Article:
The Ashes: Prior’s plight exemplifies England’s travails Down Under
PERTH: Australia wicketkeeper Brad Haddin is having an Ashes series to remember but the contrasting fortunes of his opposite number Matt Prior were as glaring as the Perth sunshine on day three of the third test on Sunday.
Prior is enduring what can be politely described as a torrid time in the two Ashes series against Australia this year. His batting average over the eight tests is under 20, well below his overall average which is hovering over 40.
On Sunday at the WACA he suffered probably his worst six hours on a cricket field since he was dropped following a problematic tour of Sri Lanka six years ago.
His day began in ignominious fashion when he was out for a turgid eight, under-edging a ball to Haddin trying an injudicious pull shot.
A major cog in England`s demolition of Australia on the 2010-11 Ashes tour, he is now a significant part of the all too familiar batting collapses.
The latest collapse saw England lose their last six wickets for 61 runs and concede a first-innings deficit of 134 runs, which Australia pushed out to a lead of 369 by the close of play.
"We obviously haven`t played the cricket we want to play, Australia have been fantastic, they`ve been aggressive and changed their fortunes around from the English summer," said Prior`s team mate Stuart Broad, whose injury was yet another blow to the tourists on Sunday.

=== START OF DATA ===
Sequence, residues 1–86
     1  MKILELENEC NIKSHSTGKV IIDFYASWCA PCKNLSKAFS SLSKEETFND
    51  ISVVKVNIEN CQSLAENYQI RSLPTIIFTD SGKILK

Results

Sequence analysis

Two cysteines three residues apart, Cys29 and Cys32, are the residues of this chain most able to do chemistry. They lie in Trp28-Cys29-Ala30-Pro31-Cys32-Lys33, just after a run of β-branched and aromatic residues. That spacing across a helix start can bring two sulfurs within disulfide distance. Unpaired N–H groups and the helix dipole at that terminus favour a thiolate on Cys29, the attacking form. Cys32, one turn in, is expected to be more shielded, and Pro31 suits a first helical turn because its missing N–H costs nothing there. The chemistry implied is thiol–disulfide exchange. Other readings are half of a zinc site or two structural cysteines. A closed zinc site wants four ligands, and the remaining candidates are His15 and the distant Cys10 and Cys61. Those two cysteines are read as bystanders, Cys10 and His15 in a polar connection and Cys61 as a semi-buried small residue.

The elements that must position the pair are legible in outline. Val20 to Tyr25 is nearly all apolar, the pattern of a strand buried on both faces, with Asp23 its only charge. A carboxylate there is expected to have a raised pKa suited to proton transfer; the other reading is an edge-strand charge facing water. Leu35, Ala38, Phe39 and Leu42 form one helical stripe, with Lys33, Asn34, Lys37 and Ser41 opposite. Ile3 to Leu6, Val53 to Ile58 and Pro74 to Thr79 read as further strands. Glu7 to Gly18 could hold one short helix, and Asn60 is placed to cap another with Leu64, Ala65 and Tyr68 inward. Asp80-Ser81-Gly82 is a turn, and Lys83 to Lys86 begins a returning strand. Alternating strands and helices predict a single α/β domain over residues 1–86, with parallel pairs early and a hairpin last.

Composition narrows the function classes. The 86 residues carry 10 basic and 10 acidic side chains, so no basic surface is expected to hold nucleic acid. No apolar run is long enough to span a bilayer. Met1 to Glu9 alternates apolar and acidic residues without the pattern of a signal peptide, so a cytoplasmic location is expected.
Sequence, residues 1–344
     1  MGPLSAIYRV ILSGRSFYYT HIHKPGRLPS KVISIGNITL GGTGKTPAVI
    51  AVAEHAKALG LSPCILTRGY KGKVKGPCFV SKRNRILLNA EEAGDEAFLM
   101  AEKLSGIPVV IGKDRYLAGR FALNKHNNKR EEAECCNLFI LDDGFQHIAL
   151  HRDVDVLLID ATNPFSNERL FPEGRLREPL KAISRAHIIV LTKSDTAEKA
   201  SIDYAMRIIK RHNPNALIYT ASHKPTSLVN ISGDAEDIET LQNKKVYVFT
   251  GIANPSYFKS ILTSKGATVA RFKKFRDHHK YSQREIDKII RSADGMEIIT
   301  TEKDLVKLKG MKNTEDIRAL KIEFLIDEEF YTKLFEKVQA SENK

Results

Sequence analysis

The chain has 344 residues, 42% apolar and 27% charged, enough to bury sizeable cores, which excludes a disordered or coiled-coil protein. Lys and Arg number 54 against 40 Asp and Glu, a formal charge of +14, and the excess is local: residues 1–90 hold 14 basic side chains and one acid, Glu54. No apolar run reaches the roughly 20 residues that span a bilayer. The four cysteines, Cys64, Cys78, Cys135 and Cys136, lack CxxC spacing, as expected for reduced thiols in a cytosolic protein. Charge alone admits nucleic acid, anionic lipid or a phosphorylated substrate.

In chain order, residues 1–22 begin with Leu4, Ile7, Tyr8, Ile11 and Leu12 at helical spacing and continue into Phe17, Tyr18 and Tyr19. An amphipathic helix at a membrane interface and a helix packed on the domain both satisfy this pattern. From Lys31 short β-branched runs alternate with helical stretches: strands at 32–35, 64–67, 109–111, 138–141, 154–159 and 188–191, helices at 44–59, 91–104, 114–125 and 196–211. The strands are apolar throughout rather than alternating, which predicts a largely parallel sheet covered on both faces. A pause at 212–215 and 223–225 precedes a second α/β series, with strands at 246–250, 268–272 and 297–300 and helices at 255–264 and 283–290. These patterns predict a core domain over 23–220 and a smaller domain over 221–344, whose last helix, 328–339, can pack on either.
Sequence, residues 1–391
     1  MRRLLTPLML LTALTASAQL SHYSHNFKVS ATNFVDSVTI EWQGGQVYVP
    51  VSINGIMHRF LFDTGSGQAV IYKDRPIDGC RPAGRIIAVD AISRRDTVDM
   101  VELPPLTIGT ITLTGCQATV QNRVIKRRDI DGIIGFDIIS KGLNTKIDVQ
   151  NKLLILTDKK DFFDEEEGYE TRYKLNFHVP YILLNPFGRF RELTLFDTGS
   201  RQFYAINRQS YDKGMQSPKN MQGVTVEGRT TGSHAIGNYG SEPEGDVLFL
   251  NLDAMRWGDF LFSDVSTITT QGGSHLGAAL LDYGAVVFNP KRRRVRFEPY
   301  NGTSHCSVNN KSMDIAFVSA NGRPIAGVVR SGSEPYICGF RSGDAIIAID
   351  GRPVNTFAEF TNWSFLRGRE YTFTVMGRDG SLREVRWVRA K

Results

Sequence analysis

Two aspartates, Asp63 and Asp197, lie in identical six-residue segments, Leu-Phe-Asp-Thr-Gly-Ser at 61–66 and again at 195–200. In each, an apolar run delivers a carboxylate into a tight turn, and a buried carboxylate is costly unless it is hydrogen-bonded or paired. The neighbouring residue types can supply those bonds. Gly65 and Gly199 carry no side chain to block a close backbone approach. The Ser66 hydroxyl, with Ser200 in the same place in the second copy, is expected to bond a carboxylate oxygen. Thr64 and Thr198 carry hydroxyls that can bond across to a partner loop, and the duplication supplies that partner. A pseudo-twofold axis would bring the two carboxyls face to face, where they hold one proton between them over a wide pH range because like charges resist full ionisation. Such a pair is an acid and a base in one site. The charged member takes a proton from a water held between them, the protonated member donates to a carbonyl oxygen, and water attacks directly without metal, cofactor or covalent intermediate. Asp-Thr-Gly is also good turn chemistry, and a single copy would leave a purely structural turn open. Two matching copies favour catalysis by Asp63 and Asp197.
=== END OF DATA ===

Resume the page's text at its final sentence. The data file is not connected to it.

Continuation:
"We obviously played some brilliant cricket six months ago. We created a lot of pressure with the ball and got enough runs to survive.
"Whereas this time around we`ve obviously lost three big tosses but haven`t been able to apply the pressure when we`ve needed to and Australia have been attacking enough to take the game away from us."
Needing quick Australian wickets on Sunday, Prior spurned a golden opportunity to make early inroads when he missed the simplest of stumping chances with David Warner on 13.
He also missed stumping Warner again when the belligerent batsmen was on 89 and conceded eight byes through his legs.
Warner was finally out for 112.
He was one half of a guilty party when England captain Alastair Cook dropped Warner`s opening partner Chris Rogers at first slip. Rogers went on to make 54.
They say catches win matches and England have spilled far too many already in the three matches so far.
To compound Prior`s day he was part of a triumvirate that decided to challenge a not out decision against Shane Watson.